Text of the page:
While many celebrate the US Supreme Court ruling late last week to legalize same-sex marriage across the US as a victory for the gay-rights movement and equality (NYTimes, 26, June 2015), gay and lesbian people across many countries in Africa continue to experience discrimination and attacks as a result of their sexual orientation, a trend which has been increasing in recent years.

By searching for conflict events within the ACLED dataset related to homosexuality, one can gain an understanding of discriminatory violence and when and where it is used. Civilian targeting makes up a large portion of these events in which individuals deemed to be homosexual and/or thought to be supporting the gay cause are targeted, attacked, and often killed. Riots and protests have also been increasing in recent years; these involve both gay-rights groups advocating for equality as well as anti-gay groups protesting any perceived gains by the gay community. Figure 1 maps the locations of these instances of violence against civilians, as well as riots and protests surrounding this cause, across the continent.

FIgure 1

The majority of these events, as well as fatalities stemming from these events, occur in South Africa and Uganda – two countries with markedly different laws towards LGBT rights. Same-sex marriage was legalized in South Africa in 2006 – making the country the fifth in the world to do as such – and it remains the only country in Africa where same-sex marriage is legal. However, despite this, “the traditional monarch of the Zulu people, who account for about one-fifth of the country’s population, maintains that homosexuality is morally wrong” (Pew Research Center, 26 June 2015). As a result, social stigma and homophobic violence – including ‘corrective rape’ to “‘cure’ lesbian women of their homosexuality” (Telegraph, 21 May 2015) – remain high in South Africa. While there are few events of this nature reported prior to 2012, since then the number of instances of these events has been increasing, including assaults and rapes of homosexual individuals as well as numerous murders across the country.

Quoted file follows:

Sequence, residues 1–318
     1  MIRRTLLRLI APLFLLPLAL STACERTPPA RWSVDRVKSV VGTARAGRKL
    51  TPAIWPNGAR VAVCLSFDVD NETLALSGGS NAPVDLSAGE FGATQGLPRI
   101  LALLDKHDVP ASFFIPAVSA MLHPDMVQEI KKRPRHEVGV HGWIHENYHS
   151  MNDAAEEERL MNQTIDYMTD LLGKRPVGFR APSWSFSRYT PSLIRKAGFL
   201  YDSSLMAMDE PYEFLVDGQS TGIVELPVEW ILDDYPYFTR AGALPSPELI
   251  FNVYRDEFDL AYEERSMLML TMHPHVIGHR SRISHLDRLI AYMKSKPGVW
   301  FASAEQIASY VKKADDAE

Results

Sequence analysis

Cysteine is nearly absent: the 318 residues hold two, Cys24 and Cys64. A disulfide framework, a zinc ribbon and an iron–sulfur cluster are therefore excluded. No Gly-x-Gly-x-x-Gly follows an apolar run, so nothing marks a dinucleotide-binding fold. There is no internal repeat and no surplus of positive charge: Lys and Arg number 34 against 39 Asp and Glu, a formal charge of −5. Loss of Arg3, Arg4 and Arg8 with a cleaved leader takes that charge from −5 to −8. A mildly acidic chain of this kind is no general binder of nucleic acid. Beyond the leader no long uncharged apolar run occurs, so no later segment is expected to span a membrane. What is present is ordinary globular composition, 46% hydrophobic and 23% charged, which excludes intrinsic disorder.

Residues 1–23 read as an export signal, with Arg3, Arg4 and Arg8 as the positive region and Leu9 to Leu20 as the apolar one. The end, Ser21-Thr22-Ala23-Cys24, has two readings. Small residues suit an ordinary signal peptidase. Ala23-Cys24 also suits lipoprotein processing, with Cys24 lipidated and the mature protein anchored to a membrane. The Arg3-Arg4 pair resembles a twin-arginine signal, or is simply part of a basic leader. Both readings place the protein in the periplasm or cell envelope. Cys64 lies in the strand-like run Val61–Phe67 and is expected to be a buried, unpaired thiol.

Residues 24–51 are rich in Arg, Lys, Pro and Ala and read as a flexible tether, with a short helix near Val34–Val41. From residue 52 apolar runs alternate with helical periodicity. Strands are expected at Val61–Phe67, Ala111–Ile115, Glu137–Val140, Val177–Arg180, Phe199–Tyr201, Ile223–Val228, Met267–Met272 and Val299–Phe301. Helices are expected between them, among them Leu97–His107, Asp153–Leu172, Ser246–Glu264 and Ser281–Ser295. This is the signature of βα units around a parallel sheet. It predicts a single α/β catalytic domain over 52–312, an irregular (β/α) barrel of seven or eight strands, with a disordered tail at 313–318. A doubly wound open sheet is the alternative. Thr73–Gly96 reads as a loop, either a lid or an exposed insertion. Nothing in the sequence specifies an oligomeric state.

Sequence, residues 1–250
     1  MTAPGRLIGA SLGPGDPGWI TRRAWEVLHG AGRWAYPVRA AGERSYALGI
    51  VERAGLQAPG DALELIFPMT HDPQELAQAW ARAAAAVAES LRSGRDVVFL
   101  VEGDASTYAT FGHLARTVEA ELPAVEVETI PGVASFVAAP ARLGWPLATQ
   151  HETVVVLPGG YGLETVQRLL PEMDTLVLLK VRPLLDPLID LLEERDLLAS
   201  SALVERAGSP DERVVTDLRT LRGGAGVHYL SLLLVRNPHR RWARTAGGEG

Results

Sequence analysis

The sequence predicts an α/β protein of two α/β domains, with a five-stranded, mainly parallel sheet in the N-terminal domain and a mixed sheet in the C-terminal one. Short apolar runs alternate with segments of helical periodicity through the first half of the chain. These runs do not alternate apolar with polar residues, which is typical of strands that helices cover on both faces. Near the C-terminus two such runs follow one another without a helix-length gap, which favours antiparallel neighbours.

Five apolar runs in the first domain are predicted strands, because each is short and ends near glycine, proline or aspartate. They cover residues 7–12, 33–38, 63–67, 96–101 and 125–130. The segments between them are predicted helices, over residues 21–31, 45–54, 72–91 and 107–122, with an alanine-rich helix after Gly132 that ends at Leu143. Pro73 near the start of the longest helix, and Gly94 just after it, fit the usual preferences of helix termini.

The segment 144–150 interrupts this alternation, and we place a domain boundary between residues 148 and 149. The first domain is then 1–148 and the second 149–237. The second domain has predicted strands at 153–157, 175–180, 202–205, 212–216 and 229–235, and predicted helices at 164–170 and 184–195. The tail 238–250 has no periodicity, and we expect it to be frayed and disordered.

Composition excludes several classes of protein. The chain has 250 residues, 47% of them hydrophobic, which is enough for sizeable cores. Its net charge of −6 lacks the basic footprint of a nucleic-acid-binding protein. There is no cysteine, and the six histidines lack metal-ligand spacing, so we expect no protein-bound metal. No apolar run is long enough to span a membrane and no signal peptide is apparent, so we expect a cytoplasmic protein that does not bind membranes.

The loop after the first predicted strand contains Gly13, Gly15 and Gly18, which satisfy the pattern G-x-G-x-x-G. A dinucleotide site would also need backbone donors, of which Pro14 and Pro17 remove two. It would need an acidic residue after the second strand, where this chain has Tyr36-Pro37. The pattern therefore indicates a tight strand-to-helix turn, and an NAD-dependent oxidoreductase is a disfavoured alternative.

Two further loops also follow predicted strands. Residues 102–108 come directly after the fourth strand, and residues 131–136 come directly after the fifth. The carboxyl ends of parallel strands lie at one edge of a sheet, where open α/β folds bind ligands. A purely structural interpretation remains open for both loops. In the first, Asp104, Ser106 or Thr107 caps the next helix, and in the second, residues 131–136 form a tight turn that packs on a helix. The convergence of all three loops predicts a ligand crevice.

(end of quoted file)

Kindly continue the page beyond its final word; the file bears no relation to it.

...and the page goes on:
While most homophobic violence seen in South Africa results from hate crimes and the targeting of individuals by gangs and unidentified armed groups, in Uganda, the state is complicit in violence. Early last year, the Uganda Anti-Homosexuality Act was signed into law by the president. The bill – in earlier iterations referred to as the “Kill the Gays Bill” in the media due to the mandated death penalty for gays who were deemed “repeat offenders”[1] (Reuters, 13 May 2011) – further criminalizes same-sex relations in Uganda domestically and includes provisions for Ugandans engaging in such relations outside of Uganda, claiming they may be extradited back to Uganda for punishment. As a result of state views towards homosexuals, it is unsurprising that there are reports of police arresting, detaining, and torturing gay rights activists. Violence against homosexuals in Uganda has also been increasing in recent years. There are reports of gay men being attacked and hospitalized, lesbian women being beaten, and gay individuals and activists being murdered.

With gay rights and the movement for equality gaining increased traction around the world in recent years, tensions around the cause have been heightened in Africa. Figure 2 shows the increased number of instances of this type of violence since 2012 – with higher than average levels reported consistently since then. Despite the reported increase, it can be assumed that this violence is likely even higher than reported as social stigmas surrounding homosexuality, as well as legal repercussions for being ‘outed’ as homosexual, create barriers for victims to come forward. As the movement continues to gain ground globally, further violence can likely be expected as tensions accumulate.

Figure 2


[1] The death penalty clause has since been struck from the bill.


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Homosexuality and Discrimination in Africa
Roudabeh Kishi
Roudabeh Kishi
Research Director
Roudabeh Kishi is the Research Director of ACLED. She oversees the quality, production, and coverage of all ACLED data across the globe; leads research and analysis across regional teams; aids in new partnerships with local sources and users; and supports the capacity building of NGOs and conflict observatories around the world. Dr. Kishi holds a Ph.D. in Government and Politics from the University of Maryland with specializations in international relations and quantitative methodology. She is fluent in English, Farsi, and basic French.
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